Professor Hahn, one of the greatest but least known Austrian economists of his generation, offers a fantastic refutation of Keynesian macroeconomics, including its wild obsession with effective demand, and also a systematic presentation of the Austrian theory of the business cycle.
It might have been common sense in his day, but it is surely not in ours. In our times (this book appeared in 1948) the truths he proves here are bracing. Prosperity comes from saving and investment. The printing press creates nothing and destroys plenty. The central bank has no tools that can get us out of recession and onto a sound footing. Intervention of all sorts creates more problems and solves none.
Hahn writes with eloquence and scientific precision. He even gives us the first serious graphical comparison of the Keynesian v. Austrian views that appeared between Hayek and Garrison!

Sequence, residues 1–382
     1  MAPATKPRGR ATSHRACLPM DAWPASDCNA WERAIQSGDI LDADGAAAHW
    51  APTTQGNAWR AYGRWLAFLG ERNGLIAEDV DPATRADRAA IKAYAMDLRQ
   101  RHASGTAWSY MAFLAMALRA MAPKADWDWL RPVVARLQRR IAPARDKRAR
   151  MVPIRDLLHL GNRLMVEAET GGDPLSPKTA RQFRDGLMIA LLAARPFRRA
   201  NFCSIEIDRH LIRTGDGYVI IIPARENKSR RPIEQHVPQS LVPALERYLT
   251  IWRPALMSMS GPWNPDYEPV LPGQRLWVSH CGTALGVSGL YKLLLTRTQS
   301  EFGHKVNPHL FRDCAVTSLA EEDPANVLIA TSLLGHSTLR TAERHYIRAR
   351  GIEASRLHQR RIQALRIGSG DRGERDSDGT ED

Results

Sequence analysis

This book is a treasure all but lost to history. This reprint brings it back in a big way and at the right time.
The book was attacked relentlessly in all the journals during the height of Keynesian hysteria. But it turns out that Hahn was right and his critics were wrong. Even to this day, it remains an outstanding discussion of the business cycle. Remarkably, it reads as if it appeared just last week.
May Hahn's wisdom here once again become so known as to be common sense once again.
Hazlitt's Economics in One Lesson is a good book, and Hahn ultimately comes to the same conclusions and answers in his book. The difference is in the details. Hazlitt, in my opinion, had a maddening tendency to postulate If X Then Y, and leave it at that. Hahn - as my high school math teachers would have approved of - shows his work. I found this book to be very instructive and would highly recommend it to anyone in the business world who wants a sound education in economic theory (which was the book's target audience at any rate).
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